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Here’s our pick of news, writing, and research this week that investigates political questions at the intersections of gender, race, and region.

1. “Say Her Name: Resisting Police Brutality Against Black Women
The African American Policy Forum has released an updated version of their May report which includes information on “the circumstances around [Sandra] Bland’s suspicious death… [and] stories of Black women who have been killed by police, shining a spotlight on forms of police brutality often experienced disproportionately by women of color.” Co-author Andrea Ritchie explains that the report “begins to shine a light on the ways that Black women are policed similar to other members of our communities” while also pushing for a gendered analysis of how women of color experience police violence, including “sexual assault by police, police abuse of pregnant women, profiling and abusive treatment of lesbian, bisexual, transgender, and gender nonconforming Black women, and police brutality in the context of responses to violence—which bring Black women’s experiences into even sharper focus.”

2. “Our Racial Moment of Truth
Isabel Wilkerson: “With the lowering of the Confederate flag in the state that was the first to secede and where the first shots were fired, could we now be at the start of a true and more meaningful reconstruction? It would require courage to relinquish the false comfort of embedded racial mythologies and to open our minds to a more complete history of how we got here. It would require a generosity of spirit to see ourselves in the continued suffering of a people stigmatized since their arrival on these shores and to recognize how the unspoken hierarchies we have inherited play out in the current day and hold us back as a country.”

3. “Race, Class, and College Access: Achieving Diversity in a Shifting Legal Landscape
A new report released on Tuesday presents findings from a survey of admissions and enrollment management leaders at 338 four-year colleges regarding their admissions practices in the context of recent legal challenges to race-conscious admissions. The report shares approaches institutions are taking to diversify their student body year over year, finding “three of the five most widely used strategies to support racial, ethnic, and socioeconomic diversity involve student outreach and recruitment.” The authors call for more “straightforward, practice-relevant resources” based on research around admissions strategies and the educational impact of campus diversity that universities can use as they work towards “successfully utilizing and complying with restrictions on the tools available to them to achieve this diversity.”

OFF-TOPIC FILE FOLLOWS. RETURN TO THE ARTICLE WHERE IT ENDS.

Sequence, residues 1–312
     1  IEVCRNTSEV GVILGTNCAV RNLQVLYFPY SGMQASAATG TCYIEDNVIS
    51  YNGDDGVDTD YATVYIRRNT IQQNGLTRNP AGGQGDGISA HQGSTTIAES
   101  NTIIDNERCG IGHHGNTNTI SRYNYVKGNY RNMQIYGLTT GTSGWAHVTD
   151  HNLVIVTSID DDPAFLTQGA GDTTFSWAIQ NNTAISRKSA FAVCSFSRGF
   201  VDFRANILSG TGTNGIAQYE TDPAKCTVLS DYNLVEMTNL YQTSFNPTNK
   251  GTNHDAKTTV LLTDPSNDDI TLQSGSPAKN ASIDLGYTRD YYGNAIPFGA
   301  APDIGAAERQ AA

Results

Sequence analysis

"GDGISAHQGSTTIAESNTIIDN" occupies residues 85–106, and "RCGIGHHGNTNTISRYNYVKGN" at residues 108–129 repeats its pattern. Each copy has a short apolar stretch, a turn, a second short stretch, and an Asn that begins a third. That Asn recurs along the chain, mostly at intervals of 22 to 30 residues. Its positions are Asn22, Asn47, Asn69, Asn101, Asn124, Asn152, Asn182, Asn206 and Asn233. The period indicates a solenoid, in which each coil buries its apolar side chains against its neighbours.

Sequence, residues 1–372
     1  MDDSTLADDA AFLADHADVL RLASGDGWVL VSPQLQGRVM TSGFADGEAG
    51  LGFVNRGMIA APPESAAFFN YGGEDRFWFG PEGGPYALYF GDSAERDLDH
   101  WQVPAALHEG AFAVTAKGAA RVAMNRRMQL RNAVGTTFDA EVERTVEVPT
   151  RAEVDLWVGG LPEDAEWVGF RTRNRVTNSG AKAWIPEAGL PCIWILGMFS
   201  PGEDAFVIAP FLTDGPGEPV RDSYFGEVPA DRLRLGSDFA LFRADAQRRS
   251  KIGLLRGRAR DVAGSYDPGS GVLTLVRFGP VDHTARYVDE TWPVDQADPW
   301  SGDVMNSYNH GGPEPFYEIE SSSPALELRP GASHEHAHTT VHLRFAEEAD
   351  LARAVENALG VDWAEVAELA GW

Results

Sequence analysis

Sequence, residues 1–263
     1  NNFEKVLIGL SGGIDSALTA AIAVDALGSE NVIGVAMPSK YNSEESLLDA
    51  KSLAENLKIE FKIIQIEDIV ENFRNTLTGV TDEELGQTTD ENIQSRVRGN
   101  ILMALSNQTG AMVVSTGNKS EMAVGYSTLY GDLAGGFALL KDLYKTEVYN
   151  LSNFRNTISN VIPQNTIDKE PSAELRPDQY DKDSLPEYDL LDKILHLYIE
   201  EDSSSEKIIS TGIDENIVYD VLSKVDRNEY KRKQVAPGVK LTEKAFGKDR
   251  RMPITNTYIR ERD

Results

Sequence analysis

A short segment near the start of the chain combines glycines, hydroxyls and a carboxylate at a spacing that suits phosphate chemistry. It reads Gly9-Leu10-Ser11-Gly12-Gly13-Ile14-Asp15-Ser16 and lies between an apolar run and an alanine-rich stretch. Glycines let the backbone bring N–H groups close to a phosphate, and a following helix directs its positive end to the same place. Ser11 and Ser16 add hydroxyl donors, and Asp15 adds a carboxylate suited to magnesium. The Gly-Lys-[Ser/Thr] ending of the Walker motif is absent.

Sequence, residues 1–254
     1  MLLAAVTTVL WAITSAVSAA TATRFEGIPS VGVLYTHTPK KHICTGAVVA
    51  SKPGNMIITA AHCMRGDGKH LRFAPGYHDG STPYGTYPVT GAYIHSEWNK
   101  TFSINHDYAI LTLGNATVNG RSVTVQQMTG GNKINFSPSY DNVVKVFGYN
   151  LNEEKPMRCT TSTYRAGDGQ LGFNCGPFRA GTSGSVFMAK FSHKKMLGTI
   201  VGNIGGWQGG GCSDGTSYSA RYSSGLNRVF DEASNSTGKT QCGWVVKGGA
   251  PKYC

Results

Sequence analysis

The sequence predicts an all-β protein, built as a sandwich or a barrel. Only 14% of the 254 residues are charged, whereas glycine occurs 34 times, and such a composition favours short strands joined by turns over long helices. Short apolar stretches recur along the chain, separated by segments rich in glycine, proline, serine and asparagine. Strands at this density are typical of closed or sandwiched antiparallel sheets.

4. “State director: 96,000 might have been denied vote if election law had been in effect
“North Carolina’s election director Kim Strach… also acknowledged that she could find no evidence of significant fraud in same-day voter registration. House Bill 589, which was signed into law August 2013, eliminated same-day voter registration, reduced the days of early voting from 17 to 10, prohibited out-of-precinct provisional voting and got rid of preregistration of 16- and 17-year-olds.” In recent elections, “African-Americans in North Carolina were twice as likely to vote early, use same-day registration, and vote out of precinct compared with whites.”

5. “India Clarke: 10th Trans Woman Killed This Year
Jay Brown: “Even as the transgender community experiences historic visibility and increasingly inclusive protections, the reality is that violence and brutality are a part of far too many transgender people’s daily lives—especially transgender women of color. As we mourn the death of India Clarke, we must also work to address the realities that conspire to put transgender people at risk, including high rates of unemployment, lack of healthcare and housing instability.”

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